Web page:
EPA Steps Up
Decades late the EPA finally does its job assessing common pesticides
After reading the U.S. Environmental Protection Agency’s recent analysis of three major pesticides, about the only thing positive thing you can say is that the chemicals are very good at killing things. The problem is they are killing a far more things than they should be.
The report is the first ever the EPA has concluded on the environmental impacts of three common agricultural pesticides — chlorpyrifos, diazinon and malathion — on endangered species and their associated habitats.
Chlorpyrifos is a chemical introduced by the Dow Chemical Company 50 years ago and is currently being used primarily to exterminate termites, mosquitoes and roundworms.
Diazinon, created by what was then Ciba-geigy, now Syngenta, goes back even further than Chlorpyrifos. It was originally introduced to control cockroaches, silverfish, ants and fleas in residential buildings but is no longer legally allowed there.
Malathion is a chemical often used for mosquito control but also has been used to attack such pests as the Mediterranean Fruit Fly going back to the 1980s and has been sprayed on Californians regularly. It is also widely in use for pest control on fruits, vegetables and plants for agricultural applications, as well as for tick control for pets. In lower doses it has been and continues to be used as a treatment for head lice.
Besides for the most part being good at what they are sold for, the EPA’S study also concluded the three pesticides are highly hazardous to many endangered species. It concluded that Chlorpyrifos and Malathion cause harm to 97% of the 1,782 animals and plants covered as part of the Endangered Species Act. Diazinon, still quite deadly, falls in the third place of the three but still does serious damages to 79% of the living beings on the endangered species act.
All three of these are what are known as organophos- phates. They are some of the oldest of all insecticides, and because of that both somewhat ‘grandfathered in’ under many permit applications and also widely used for decades on crops such as corn, watermelon and wheat.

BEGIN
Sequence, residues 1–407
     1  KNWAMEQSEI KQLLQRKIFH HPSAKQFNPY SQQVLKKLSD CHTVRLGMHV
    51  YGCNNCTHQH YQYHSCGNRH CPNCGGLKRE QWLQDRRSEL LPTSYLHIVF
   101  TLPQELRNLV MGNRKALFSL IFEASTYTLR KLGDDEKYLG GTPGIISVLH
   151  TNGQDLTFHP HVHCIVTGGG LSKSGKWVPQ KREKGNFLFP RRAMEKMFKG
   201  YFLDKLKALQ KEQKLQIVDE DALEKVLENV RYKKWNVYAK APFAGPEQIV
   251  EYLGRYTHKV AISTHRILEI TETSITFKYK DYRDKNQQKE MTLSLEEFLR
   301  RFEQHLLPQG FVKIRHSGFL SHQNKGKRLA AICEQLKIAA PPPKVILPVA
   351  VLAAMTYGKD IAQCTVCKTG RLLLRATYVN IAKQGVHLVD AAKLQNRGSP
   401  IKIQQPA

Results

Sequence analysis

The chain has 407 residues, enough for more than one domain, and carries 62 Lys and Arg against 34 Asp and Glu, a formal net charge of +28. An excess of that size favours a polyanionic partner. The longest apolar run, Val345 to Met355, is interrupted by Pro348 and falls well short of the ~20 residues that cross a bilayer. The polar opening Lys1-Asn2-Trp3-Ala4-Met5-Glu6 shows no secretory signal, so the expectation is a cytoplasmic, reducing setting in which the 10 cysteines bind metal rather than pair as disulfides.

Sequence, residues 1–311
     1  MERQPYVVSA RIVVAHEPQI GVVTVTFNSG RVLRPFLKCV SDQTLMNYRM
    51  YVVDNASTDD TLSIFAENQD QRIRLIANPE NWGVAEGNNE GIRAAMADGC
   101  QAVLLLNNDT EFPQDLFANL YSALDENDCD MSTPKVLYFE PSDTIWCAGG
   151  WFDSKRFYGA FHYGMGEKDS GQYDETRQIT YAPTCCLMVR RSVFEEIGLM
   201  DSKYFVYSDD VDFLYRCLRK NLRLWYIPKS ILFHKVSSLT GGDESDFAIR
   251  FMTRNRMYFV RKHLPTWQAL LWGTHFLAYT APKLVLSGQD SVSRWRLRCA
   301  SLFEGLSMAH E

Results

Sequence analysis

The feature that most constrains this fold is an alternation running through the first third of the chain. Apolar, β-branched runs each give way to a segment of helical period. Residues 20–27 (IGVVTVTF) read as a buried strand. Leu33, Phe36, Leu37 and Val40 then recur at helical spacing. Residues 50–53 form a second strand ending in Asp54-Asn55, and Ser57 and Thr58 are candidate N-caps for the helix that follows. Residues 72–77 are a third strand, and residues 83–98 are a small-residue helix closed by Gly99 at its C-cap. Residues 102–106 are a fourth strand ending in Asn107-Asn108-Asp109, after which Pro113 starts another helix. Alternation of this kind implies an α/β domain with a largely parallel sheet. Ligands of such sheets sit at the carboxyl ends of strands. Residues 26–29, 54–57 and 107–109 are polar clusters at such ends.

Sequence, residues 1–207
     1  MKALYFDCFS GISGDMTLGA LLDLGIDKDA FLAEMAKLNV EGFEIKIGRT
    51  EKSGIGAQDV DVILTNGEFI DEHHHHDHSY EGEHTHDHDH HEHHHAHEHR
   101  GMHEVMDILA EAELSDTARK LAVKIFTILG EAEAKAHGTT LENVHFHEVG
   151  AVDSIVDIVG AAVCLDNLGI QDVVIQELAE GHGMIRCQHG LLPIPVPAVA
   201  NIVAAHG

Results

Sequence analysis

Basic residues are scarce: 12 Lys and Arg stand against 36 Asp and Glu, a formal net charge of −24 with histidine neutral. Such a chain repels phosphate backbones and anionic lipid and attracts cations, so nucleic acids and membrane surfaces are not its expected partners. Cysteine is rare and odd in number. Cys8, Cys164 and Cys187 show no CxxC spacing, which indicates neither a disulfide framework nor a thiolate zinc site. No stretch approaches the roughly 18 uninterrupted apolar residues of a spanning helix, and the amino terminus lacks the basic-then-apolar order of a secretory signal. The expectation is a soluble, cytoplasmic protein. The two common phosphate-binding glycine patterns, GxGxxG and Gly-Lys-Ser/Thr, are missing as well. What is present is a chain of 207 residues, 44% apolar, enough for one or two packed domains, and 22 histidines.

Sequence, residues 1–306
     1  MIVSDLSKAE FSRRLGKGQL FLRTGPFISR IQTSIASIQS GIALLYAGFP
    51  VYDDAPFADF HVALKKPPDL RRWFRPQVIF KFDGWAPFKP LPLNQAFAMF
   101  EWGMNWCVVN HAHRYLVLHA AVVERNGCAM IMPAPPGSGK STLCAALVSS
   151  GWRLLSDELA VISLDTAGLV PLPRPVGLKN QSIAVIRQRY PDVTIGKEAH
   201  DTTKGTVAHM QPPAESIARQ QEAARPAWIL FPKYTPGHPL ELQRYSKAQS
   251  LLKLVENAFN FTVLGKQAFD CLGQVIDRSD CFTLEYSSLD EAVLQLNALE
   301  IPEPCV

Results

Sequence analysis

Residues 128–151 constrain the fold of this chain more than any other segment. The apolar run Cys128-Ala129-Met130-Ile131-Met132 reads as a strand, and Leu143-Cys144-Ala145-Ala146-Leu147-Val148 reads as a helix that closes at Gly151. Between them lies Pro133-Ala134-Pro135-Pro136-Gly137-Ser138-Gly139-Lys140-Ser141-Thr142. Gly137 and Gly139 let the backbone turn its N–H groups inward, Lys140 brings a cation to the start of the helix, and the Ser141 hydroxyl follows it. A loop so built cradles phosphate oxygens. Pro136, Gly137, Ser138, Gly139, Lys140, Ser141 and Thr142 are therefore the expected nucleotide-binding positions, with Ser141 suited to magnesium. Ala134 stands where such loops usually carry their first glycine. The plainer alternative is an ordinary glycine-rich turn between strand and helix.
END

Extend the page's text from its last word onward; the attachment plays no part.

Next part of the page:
Organophosphates also are found in 87% of all human umbilical-cord samples. Which means we are already poisoned to some extent, and we are also passing on the poison to our children.
The EPA Report was conducted in part as a legallymandated consequence of a legal settlement with the Center for Biological Diversity. That case concluded that the EPA had for far too long been allowing all sorts of chemicals into the environment without sufficient tests or follow-up examinations.
Although it is hard to celebrate such bad news as the EPA was releasing with this draft of the report, Lori Ann Burd, environmental health director at the Center, did refer to the current evaluations as “a huge step forward for the EPA”, and said,
“For the first time in history, we finally have data showing just how catastrophically bad these pesticides are for endangered species — from birds and frogs to fish and plants. These dangerous pesticides have been used without proper analysis for decades, and now’s the time to take this new information and create common-sense measures to protect plants, animals and people from these chemicals.”
The people shouldn’t have to sue federal agencies to get them to do their job, nor should it take decades to force them to do so, but that is increasingly the case.
With the EPA now having concluded its first studies, even though they may come late, the agency is at least now finally getting in line with others. The World Health Organization, as just one example, last year announced that malathion and diazinon are probable carcinogens.